Reinventing Management: Smarter Choices for Getting Work Done (Jossey-Bass, 2010)
Jon R. Katzenbach and Zia Khan
Leading Outside the Lines: How to Mobilize the (In)Formal Organization, Energize Your Team, and Get Better Results
Richard T. Pascale, Jerry Sternin, and Monique Sternin
The Power of Positive Deviance: How Unlikely Innovators Solve the World’s Toughest Problems
(Harvard Business Press, 2010)
Srikant M. Datar, David A. Garvin, and Patrick G. Cullen
Rethinking the MBA: Business Education at a Crossroads
(Harvard Business Press, 2010)
The profit-maximizing management framework that arose from the widespread adoption of the shareholder value model of corporate governance may end up as a notable intellectual casualty of the Crash of 2008. After 30 years of leveraging, downsizing, and outsourcing, this predominantly Western global economic system appears to be in decline. This could be a sign of a hemispheric financial cooling in counterpoint to the warming of the economies of the Far East.
The challenge this creates for management thought and education is as simple as it is stark. The prevailing business management framework, a set of practices and operating principles that was designed to produce stability and order in large, complex companies, and that has been successful enough in treating growth as “more of the same,” no longer appears to work. How can it be modified — nay, rejuvenated — to accommodate innovation and invention, the new rallying cries for firms in the Western world?
Although there has long been a Greek chorus of critics prophesying the doom of the current framework, a wide range of opinion exists on what is now required. Some say that the basic principles of management are still relevant and valuable, but they are poorly taught and applied. Others call for an entirely new paradigm. Nobody is satisfied with the status quo, nor should they be. In this year’s best management books, some of the members of the chorus step into the footlights.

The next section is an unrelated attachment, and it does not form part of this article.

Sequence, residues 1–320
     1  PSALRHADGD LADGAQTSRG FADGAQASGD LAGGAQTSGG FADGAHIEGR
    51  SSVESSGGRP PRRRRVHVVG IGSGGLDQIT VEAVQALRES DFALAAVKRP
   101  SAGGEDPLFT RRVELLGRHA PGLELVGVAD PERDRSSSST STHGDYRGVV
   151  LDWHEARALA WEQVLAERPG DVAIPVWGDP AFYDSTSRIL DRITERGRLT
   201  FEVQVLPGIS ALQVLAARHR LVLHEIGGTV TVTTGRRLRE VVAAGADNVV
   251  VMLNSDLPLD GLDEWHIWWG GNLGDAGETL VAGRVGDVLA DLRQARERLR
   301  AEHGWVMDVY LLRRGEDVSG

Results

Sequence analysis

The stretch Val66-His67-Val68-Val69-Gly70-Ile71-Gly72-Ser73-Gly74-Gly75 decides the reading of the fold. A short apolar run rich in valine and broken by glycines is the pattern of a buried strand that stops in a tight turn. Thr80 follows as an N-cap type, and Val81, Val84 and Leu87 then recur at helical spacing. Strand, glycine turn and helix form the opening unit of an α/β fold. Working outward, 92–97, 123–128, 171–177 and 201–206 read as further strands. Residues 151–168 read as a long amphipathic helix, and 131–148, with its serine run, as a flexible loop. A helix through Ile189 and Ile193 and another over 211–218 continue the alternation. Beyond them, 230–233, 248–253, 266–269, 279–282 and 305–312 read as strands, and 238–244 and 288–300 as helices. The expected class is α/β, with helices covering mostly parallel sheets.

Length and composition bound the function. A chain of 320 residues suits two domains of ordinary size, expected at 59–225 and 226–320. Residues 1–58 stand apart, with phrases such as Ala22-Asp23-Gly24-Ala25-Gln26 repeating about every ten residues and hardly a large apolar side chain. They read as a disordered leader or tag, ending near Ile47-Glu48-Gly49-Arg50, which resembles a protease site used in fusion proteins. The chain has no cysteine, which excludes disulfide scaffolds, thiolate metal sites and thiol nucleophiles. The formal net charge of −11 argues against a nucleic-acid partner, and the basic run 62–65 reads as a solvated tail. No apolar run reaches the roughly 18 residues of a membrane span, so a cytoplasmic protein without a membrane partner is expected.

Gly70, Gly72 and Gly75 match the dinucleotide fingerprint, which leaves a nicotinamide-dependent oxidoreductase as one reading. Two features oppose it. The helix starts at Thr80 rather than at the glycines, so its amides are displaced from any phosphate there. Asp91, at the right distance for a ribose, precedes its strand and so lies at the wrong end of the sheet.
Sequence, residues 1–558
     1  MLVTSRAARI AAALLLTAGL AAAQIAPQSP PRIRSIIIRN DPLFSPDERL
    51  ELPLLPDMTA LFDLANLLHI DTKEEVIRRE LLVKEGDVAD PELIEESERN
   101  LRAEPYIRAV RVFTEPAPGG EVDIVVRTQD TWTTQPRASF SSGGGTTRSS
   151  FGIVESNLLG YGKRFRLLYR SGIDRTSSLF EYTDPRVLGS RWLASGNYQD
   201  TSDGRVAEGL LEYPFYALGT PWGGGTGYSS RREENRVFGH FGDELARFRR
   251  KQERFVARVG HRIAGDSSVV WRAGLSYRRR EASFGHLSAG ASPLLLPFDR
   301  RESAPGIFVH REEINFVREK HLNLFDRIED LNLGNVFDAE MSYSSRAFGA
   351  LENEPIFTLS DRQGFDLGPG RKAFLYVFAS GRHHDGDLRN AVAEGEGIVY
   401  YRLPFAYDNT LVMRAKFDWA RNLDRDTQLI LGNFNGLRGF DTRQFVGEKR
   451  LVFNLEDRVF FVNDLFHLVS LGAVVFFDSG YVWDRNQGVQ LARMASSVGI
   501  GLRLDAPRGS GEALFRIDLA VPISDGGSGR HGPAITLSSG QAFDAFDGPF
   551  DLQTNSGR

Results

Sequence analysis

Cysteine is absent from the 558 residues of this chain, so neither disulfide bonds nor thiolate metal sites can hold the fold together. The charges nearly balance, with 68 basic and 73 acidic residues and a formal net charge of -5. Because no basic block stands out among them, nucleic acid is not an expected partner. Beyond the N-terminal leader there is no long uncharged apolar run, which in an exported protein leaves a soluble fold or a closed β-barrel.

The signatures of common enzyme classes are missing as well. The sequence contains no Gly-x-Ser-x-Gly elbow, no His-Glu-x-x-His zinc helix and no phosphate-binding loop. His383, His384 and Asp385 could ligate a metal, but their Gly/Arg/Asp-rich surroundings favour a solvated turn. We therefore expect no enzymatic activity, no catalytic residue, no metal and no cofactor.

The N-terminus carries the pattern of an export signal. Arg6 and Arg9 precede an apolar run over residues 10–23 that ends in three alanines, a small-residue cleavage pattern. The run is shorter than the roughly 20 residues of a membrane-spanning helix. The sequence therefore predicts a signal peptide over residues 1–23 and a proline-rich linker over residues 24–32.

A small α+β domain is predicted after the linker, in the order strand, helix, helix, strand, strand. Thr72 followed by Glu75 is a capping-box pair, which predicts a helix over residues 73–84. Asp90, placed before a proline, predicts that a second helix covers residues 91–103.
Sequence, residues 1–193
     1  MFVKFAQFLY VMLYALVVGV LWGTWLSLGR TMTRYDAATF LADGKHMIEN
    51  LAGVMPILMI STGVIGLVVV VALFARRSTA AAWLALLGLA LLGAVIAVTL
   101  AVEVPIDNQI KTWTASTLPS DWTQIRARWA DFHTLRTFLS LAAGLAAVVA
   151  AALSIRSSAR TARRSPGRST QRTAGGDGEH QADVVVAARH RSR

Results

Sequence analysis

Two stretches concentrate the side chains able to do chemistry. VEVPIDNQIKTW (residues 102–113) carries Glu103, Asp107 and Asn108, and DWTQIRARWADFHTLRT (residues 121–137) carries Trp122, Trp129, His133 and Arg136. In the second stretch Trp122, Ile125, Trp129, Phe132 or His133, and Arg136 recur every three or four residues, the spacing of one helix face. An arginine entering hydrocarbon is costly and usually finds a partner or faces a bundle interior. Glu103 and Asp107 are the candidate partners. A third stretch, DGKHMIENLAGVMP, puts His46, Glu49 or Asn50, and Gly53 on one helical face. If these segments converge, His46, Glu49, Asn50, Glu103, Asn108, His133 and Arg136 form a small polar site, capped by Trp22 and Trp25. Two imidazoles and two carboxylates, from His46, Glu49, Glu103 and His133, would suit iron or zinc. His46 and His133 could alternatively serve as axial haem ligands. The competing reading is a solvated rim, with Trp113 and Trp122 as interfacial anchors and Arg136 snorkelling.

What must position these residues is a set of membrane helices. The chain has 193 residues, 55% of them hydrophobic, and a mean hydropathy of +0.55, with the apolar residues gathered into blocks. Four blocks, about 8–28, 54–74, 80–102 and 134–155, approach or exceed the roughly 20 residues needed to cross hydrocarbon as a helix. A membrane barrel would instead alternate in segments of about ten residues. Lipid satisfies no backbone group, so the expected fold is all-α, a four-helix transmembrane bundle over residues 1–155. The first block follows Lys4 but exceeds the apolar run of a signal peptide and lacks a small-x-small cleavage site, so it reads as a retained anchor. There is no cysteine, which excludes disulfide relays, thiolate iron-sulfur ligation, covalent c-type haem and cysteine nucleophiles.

The Middle Way
In Reinventing Management: Smarter Choices for Getting Work Done, Julian Birkinshaw, professor of strategic and international management at the London School of Business and cofounder of the Management Lab, contends that management has to change — but not radically. He charts what he claims is a middle way. According to Birkinshaw, companies need a management model that enables them to define objectives and motivate effort (the ends), as well as coordinate activities and allocate resources (the means).
Each of these four activities offers a spectrum of managerial options that range from tight to loose, writes Birkinshaw. For instance, activities can be coordinated tightly in a traditional bureaucracy, as they often are by firms in established markets, or loosely through an organizational plan that emerges naturally as a response to market opportunities and technical possibilities, such as Google uses. Resource decisions can be made hierarchically or by deferring to collective wisdom. In stable environments, objectives can be aligned tightly with corporate strategy; in turbulent situations, objectives can be pursued indirectly through the principle of “obliquity.” Under this latter principle, to quote British military strategist Basil Liddell Hart, “The longest way round may often be the shortest way home.” When it comes to motivation, employees can be attracted by a variety of material, social, and personal rewards.
Birkinshaw uses a two-by-two matrix to summarize four distinctive management models that represent combinations of these options: the planning model (tight ends, tight means), the science model (loose ends, tight means), the quest model (tight ends, loose means), and the discovery model (loose ends, loose means). Companies often begin their lives using a discovery model, but if they are successful, the majority of them gravitate to either a planning model or a science model. McDonald’s, with its highly standardized delivery system, is an example of the planning model; consulting engineering firm Arup (the designer of such avant-garde buildings as Beijing’s Bird’s Nest Olympic stadium), with its holistic model of “total architecture” that embraces sustainability, humanitarianism, and quality, illustrates the science model. Some firms may try to hang on to the discovery model, as Google has, thanks to its phenomenal profitability. The least common model, that of the quest, is used by many investment banks.